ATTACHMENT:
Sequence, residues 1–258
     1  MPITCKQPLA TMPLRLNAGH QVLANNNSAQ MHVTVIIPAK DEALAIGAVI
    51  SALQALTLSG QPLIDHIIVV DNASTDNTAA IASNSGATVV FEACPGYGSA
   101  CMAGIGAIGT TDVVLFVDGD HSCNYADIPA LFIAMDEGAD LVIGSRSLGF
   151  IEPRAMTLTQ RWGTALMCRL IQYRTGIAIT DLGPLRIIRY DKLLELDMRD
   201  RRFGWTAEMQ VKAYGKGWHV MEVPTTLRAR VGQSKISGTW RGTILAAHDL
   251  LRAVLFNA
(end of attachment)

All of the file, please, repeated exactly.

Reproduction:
Sequence, residues 1–258
     1  MPITCKQPLA TMPLRLNAGH QVLANNNSAQ MHVTVIIPAK DEALAIGAVI
    51  SALQALTLSG QPLIDHIIVV DNASTDNTAA IASNSGATVV FEACPGYGSA
   101  CMAGIGAIGT TDVVLFVDGD HSCNYADIPA LFIAMDEGAD LVIGSRSLGF
   151  IEPRAMTLTQ RWGTALMCRL IQYRTGIAIT DLGPLRIIRY DKLLELDMRD
   201  RRFGWTAEMQ VKAYGKGWHV MEVPTTLRAR VGQSKISGTW RGTILAAHDL
   251  LRAVLFNA